Burns as a Result of Violence against Women: Where crime science meets global health
GCGH Theme: Vulnerable Populations
Lead: Dr Jyoti Belur (UCL Security & Crime Science)
Main collaborator: Dr David Osrin (UCL Centre for International Health & Development)
Additional collaborator: Dr Nayreen Daruwalla, Director, Prevention of Violence against Women and Children, Society for Nutrition, Education and Health Action, Mumbai, India
Project: Death by burning may result from accident, homicide or suicide. In India, available data indicate that females die of burns at much higher rates than males. Such deaths are often suspected to be non-accidental consequences of economic abuse, dowry-related deaths being a well-known example. We are currently auditing admissions to a Mumbai burns unit. Of 60 women, over a third had non-accidental burns (mostly inflicted by spouses). Only three have decided to file First Information Reports with the police.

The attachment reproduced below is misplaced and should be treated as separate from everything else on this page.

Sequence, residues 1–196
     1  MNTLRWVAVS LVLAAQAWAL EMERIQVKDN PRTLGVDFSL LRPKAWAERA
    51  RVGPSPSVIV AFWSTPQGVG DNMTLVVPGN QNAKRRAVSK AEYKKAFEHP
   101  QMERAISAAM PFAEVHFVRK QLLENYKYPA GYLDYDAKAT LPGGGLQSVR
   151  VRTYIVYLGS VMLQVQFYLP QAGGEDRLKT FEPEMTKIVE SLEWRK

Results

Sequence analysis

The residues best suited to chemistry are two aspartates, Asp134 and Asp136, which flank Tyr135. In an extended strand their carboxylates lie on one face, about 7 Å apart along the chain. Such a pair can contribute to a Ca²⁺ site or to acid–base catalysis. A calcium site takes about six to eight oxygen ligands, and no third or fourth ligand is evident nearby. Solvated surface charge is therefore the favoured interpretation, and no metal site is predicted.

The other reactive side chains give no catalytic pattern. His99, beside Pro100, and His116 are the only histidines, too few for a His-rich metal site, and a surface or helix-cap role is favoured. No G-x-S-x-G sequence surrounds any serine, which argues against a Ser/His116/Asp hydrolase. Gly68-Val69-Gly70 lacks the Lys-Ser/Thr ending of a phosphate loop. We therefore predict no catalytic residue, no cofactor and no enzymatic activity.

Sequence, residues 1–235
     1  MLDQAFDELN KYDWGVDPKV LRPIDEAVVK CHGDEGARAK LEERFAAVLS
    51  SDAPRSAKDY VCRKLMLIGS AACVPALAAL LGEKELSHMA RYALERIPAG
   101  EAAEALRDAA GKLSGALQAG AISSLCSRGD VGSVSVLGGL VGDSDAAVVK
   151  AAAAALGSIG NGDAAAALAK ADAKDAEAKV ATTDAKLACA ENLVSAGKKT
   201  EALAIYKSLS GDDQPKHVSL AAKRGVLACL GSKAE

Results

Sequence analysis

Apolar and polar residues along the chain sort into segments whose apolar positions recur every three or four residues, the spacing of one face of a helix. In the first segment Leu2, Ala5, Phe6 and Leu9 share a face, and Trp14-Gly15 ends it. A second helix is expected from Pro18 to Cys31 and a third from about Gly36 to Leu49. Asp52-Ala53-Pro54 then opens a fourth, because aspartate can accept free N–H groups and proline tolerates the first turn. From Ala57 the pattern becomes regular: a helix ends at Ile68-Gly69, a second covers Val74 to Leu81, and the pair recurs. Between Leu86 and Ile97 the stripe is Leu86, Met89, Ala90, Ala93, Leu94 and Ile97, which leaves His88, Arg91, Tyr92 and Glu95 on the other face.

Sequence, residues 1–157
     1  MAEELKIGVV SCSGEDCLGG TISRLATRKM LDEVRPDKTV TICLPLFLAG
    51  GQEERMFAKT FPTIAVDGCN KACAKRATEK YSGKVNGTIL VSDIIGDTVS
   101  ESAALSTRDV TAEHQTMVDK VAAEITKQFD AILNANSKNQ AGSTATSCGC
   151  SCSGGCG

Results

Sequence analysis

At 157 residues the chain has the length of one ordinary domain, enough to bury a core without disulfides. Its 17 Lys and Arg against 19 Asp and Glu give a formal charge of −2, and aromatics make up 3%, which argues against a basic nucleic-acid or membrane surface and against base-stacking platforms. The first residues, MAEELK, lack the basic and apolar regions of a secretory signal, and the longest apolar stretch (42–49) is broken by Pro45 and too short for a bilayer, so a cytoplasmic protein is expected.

Our pilot project will address two questions. How do fire-related deaths of women in India come to be classified as accidents, homicides or suicides? And, can new knowledge about circumstance provide evidence for initiatives to reduce fire-related deaths through changes in the opportunity structure?
The notions that opportunity is a cause of crime, and that changes in opportunity (as opposed to disposition) can produce changes in levels of crime are tenets of situational crime prevention. Our pilot study will uncover the opportunities and precursor indicators of violence in burns-related cases in two cities, Mumbai and New Delhi. In addition, we will examine the roles of the medical profession and the police in the process of classification of cause of death.
Page last modified on 10 jan 12 15:58